Mesh Tension and the Impact on Your Print

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Tension of your mesh is measured in “Newtons”, or more specifically, Newtons per centimeter. To measure tension, a weighted Tension Meter is rested on the fabric and the deflection (how much the fabric “gives”) is denoted by number. For example, 25 Newtons is a good tension for garment printing.

To determine the tension of a particular screen, lay the screen on a flat surface with the print side (mesh side) up. Looking at the screen from the top (the narrow side), place the meter in the center of the screen so that you can see the face of the meter. The needle will point to the number that will correspond to the tension of the mesh from side to side.

Now, move to the side of the screen (long side) and place the meter so you can see the face. This will tell you the tension of the mesh from top to bottom.

The ideal tension will be in the 25 and up to the 35 Newton range. There are special high tension mesh products available, but for garment printing, I personally feel these higher tensions are a bit of overkill and unnecessary. And, high tension mesh is very difficult to use when printing by hand on a manual press.

As a rule of thumb:

  • 25 Newton mesh will give you an excellent tension for all types of printing
  • 15-20 is acceptable
  • 10 Newtons and below, your screen should be re-stretched

A tension meter will cost approximately $500.00 and it is not a required product when you are first getting started, but should be on your wish list. If you opt to use retensionable frames, a tension meter is absolutely necessary to achieve proper mesh tension during the stretching process.

Low Tension

So what’s the big deal about having screens with proper tension? There are two issues that may occur when you use screens with too soft mesh. These are (1) fabric wave, and (2) mesh release.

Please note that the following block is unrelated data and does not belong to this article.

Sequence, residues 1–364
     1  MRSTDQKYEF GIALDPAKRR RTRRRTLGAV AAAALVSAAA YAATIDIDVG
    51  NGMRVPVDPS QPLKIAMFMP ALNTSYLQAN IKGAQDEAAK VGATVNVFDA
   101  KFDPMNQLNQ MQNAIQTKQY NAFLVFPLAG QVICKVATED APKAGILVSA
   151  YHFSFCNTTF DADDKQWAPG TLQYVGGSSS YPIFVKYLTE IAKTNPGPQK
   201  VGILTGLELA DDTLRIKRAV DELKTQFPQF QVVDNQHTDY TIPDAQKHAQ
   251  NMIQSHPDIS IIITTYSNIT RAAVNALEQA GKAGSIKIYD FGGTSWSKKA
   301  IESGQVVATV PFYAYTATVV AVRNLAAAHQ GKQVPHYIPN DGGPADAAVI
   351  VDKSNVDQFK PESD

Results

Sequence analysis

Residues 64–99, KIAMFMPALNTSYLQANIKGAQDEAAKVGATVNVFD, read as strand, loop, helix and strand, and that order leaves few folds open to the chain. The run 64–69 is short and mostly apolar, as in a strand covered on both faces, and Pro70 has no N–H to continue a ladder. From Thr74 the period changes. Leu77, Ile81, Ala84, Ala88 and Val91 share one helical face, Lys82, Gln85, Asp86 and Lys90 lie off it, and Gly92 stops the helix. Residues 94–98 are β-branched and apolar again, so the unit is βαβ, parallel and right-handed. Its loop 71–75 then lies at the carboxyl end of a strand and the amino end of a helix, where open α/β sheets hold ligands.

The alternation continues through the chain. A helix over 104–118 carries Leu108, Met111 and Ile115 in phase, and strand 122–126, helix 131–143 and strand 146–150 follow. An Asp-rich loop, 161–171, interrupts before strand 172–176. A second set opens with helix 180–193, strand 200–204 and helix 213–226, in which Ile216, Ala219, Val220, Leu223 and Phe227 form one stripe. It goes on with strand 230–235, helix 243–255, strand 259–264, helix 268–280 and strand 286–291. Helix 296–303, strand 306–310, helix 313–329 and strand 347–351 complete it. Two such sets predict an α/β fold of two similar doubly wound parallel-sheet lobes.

Fabric wave means, as you apply pressure and pull or push the squeegee across the screen and shirt, a small wave of screen mesh may form in front of the squeegee blade. On the bottom side of the screen, this wave of fabric may fill with ink as it passes over the image, and then smear ink onto the garment when the squeegee reaches the edge of the graphic.

The more common issue is mesh release. Printing with the preferred method of off contact, the only place the screen physically comes into contact with the garment is along the sharp edge of the squeegee blade. If your screen mesh is too soft, the mesh will not release from the garment as you pull or push the squeegee across the image. When the mesh does release, often when you lift the screen, the ink on the shirt will try to hold onto the screen mesh, causing a rough finish to your print.

On a multi-color job, soft mesh will stick to the previous colors on the shirt, and the ink picked up will begin to build up on the backs of your subsequent screens. In short order, your prints will start to appear muddy around the edges and where colors touch within your image.

When printing dark garments, poor screen tension can be doubly troublesome. The ink from the white underbase print is pulled up with the screen, and then flash cured into that position. My best analogy is seeing a thousand little mountain peaks standing up on the shirt. Under a microscope, the surface would look like the Alps. When colors are printed on top, the print feels very rough, or worse, hundreds of tiny white specks show throughout the print area where the white underbase peeks through the colors.

To recap, when a print feels rough, it is almost always caused by a screen with poor tension. (I get this phone call from screen printers all the time!) A tight screen will give you a crisp, sharp image. And on a manual press, a tight screen will cause far less printing fatigue during the process.

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